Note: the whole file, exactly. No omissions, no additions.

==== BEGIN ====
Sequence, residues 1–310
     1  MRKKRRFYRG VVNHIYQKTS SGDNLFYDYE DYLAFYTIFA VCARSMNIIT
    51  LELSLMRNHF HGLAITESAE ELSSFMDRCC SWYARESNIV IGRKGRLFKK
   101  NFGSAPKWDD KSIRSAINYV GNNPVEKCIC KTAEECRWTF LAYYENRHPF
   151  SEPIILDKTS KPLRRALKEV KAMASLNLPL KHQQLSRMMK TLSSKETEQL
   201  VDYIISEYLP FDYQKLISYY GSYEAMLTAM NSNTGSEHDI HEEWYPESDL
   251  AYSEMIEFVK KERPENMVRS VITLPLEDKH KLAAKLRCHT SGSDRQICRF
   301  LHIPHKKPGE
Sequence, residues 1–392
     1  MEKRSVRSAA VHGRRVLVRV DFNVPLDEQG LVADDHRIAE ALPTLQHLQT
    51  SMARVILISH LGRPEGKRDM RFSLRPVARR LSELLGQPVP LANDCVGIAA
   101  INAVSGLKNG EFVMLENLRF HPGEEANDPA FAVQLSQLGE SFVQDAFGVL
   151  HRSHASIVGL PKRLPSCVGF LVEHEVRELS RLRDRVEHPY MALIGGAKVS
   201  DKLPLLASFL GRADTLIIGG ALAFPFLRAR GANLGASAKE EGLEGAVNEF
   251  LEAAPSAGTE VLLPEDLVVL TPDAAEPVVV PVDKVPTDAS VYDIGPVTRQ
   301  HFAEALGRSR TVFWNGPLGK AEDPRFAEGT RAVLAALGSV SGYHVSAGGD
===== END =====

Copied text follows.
Sequence, residues 1–310
     1  MRKKRRFYRG VVNHIYQKTS SGDNLFYDYE DYLAFYTIFA VCARSMNIIT
    51  LELSLMRNHF HGLAITESAE ELSSFMDRCC SWYARESNIV IGRKGRLFKK
   101  NFGSAPKWDD KSIRSAINYV GNNPVEKCIC KTAEECRWTF LAYYENRHPF
   151  SEPIILDKTS KPLRRALKEV KAMASLNLPL KHQQLSRMMK TLSSKETEQL
   201  VDYIISEYLP FDYQKLISYY GSYEAMLTAM NSNTGSEHDI HEEWYPESDL
   251  AYSEMIEFVK KERPENMVRS VITLPLEDKH KLAAKLRCHT SGSDRQICRF
   301  LHIPHKKPGE
Sequence, residues 1–392
     1  MEKRSVRSAA VHGRRVLVRV DFNVPLDEQG LVADDHRIAE ALPTLQHLQT
    51  SMARVILISH LGRPEGKRDM RFSLRPVARR LSELLGQPVP LANDCVGIAA
   101  INAVSGLKNG EFVMLENLRF HPGEEANDPA FAVQLSQLGE SFVQDAFGVL
   151  HRSHASIVGL PKRLPSCVGF LVEHEVRELS RLRDRVEHPY MALIGGAKVS
   201  DKLPLLASFL GRADTLIIGG ALAFPFLRAR GANLGASAKE EGLEGAVNEF
   251  LEAAPSAGTE VLLPEDLVVL TPDAAEPVVV PVDKVPTDAS VYDIGPVTRQ
   301  HFAEALGRSR TVFWNGPLGK AEDPRFAEGT RAVLAALGSV SGYHVSAGGD